Sky News quietly amends a racist tweet after huge public backlash

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Tracy Keeling

Sky News has quietly fixed a racist tweet after it caused a huge public backlash. The tweet in question linked to a Sky News article on a murder conviction. In the tweet’s text, the media outlet explained that a “young offender” was convicted of murder after fatally stabbing another teenager. However, the linked article carried a picture of the victim of the murder, a young Black man, rather than the perpetrator, a young white man.

As many people pointed out on Twitter, Sky News‘s image choice could easily have led people to mistakenly believe that the young Black victim was the ‘young offender’. One commentator pointedly noted “*This* is what the majority of racism in the UK looks like”.

“How absolutely fucking dare you???”

Sky News published its story on the conviction of Hakim Sillah’s murderer on 3 August. On the same day, it tweeted a link to the story. The tweet included the first line of the article, which read:

A young offender has been found guilty of murder after he stabbed another teenager to death at a knife awareness course.

Both the article headline and the first line of its text focus on the ‘young offender’, Vladimir Nachev. Yet the article image included in the tweet was of Sillah. After expressing outrage over the outlet’s use of the victim’s image, Twitter user ‘leesh’ went onto say:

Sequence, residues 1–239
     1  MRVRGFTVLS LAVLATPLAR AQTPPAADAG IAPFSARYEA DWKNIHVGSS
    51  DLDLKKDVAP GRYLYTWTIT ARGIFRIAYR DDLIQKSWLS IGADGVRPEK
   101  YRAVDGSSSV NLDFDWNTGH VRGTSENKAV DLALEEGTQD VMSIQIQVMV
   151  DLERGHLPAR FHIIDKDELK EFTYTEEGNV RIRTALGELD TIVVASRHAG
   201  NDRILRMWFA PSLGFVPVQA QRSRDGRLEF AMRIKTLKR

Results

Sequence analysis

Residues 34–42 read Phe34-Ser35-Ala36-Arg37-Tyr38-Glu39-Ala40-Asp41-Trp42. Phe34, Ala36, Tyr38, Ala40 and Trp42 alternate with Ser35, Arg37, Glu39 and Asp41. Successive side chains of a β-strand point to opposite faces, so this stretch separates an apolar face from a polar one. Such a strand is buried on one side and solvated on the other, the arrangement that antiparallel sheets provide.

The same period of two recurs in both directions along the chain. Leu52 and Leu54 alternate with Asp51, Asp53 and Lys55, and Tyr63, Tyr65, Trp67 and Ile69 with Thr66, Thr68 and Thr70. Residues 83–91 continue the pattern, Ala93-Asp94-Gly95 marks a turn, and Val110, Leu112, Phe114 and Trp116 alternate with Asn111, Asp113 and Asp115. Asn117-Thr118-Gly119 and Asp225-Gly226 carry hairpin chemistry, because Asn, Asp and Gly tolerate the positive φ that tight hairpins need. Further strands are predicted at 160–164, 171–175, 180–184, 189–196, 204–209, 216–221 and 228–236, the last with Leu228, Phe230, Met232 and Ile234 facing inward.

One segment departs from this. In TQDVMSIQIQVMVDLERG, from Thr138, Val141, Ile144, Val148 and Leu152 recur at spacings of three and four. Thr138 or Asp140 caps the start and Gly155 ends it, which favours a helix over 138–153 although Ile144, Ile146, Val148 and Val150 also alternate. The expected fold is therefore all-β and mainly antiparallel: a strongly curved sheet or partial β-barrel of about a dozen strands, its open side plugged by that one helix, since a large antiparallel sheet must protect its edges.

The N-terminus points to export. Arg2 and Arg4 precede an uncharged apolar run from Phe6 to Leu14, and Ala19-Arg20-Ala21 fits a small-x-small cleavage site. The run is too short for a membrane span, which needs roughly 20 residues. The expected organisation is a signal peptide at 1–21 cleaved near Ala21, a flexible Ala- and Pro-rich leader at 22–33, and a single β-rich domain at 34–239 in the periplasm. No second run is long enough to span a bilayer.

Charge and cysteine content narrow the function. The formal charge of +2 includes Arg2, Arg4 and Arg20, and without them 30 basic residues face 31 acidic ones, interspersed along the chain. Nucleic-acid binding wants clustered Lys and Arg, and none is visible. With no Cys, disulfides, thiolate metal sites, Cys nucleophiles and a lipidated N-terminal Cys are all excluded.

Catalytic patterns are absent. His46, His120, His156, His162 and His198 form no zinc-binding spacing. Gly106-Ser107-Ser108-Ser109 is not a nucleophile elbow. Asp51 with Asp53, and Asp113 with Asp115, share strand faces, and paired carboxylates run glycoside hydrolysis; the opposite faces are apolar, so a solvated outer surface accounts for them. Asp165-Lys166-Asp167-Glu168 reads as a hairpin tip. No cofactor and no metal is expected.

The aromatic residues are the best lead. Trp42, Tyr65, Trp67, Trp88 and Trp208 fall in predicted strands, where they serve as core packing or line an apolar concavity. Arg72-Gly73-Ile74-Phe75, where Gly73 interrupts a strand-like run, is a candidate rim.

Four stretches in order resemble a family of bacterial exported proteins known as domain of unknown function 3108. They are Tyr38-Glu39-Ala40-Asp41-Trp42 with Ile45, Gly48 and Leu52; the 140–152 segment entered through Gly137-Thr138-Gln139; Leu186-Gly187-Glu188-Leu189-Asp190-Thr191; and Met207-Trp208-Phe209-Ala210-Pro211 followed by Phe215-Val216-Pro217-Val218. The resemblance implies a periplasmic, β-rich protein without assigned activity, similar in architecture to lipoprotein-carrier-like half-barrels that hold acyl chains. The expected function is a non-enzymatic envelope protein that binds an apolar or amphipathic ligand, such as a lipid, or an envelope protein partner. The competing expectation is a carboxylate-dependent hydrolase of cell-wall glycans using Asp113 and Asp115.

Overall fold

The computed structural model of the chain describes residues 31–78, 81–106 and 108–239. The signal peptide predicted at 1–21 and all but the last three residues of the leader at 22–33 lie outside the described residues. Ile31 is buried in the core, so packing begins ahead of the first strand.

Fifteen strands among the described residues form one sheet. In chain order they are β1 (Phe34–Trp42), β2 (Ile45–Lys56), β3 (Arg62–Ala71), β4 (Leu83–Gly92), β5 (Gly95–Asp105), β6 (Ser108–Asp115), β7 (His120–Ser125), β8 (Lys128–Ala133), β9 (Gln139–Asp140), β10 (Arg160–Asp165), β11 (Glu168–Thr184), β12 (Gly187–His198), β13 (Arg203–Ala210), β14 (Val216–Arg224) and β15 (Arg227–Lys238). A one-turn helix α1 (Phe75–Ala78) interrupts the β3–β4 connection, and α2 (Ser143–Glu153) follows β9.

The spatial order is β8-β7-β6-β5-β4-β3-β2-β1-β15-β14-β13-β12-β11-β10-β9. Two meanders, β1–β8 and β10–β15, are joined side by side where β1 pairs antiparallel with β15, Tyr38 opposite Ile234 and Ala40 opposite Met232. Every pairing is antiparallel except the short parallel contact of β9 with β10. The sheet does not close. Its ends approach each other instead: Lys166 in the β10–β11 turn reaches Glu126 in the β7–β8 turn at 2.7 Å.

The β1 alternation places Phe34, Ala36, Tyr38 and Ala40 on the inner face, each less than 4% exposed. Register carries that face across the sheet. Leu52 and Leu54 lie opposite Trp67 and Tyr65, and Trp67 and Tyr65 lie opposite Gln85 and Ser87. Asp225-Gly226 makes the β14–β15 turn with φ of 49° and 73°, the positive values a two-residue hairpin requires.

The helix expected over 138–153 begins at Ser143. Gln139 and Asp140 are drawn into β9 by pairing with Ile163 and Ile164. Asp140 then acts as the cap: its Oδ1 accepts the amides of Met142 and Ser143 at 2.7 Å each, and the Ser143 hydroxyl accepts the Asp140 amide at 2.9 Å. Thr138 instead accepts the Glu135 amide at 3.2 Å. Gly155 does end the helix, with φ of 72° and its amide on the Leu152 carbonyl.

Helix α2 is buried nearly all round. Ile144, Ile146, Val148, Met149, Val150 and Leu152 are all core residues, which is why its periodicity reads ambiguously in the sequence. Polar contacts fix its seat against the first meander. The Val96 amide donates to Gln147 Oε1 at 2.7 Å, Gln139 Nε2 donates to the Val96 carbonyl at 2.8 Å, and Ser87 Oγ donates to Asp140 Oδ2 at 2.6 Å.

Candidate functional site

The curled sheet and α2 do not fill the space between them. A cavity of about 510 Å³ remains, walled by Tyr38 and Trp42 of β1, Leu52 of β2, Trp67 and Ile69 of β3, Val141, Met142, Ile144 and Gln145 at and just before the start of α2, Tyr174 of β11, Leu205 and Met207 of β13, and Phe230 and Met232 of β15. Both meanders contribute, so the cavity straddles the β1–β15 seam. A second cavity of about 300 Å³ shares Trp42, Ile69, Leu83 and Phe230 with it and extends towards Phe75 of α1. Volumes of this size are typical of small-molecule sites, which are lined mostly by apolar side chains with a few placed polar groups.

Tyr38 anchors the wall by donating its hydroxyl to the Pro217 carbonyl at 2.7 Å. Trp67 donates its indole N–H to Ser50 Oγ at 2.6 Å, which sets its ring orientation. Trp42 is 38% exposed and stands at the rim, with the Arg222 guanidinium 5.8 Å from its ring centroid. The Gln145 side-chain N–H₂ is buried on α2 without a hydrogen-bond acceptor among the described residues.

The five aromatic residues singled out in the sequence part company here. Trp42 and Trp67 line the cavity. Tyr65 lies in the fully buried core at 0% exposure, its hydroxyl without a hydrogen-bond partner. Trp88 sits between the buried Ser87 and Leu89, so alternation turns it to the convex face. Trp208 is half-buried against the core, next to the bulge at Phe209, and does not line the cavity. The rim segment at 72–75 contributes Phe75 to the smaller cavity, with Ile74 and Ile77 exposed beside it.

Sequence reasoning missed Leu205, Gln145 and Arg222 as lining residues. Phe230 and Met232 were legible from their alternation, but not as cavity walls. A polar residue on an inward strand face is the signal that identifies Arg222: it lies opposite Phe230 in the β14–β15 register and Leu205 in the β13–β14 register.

Sky News has since amended the tweet. Now Nachev’s image features in it. A number of people have replied to the tweet, challenging the media outlet on its prior image choice:

The Canary also approached Sky News for comment but had received no reply by the time of publication.

One commentator also raised another recent image choice from Sky News. As part of a recent initiative to raise awareness of mental health, Prince William spoke to “some of the top names in football” on a Zoom call. As a tweet from BBC Breakfast showed, the Zoom call included two Black people and four white people:

But Sky News‘s tweet linking to its article on the initiative carried an image that only showed the four white people:

This cropping out of Black faces is reminiscent of the removal from an Associated Press photo of Ugandan climate activist Vanessa Nakate.

Face it and erase it

Racism isn’t always overt, although there’s certainly plenty of that in the UK. But it is everywhere. It’s apparent in our street names and our statues. It exists in our schools and universities. It’s behind the lies and demonisation spread about the Black Lives Matter movement and so many of the injustices Black, Asian, and Minority Ethnic (BAME) communities have faced during the coronavirus (Covid-19) pandemic. For sure, it runs through the veins of our political system. Clearly, it’s present in the UK media landscape too.

In short, it’s systemic, and it’s widespread. And in order to tackle it, we need to confront it whenever and wherever it raises its unacceptable head.

Featured image via Wikimedia – Sky Deutschland GmbH / Sky plc

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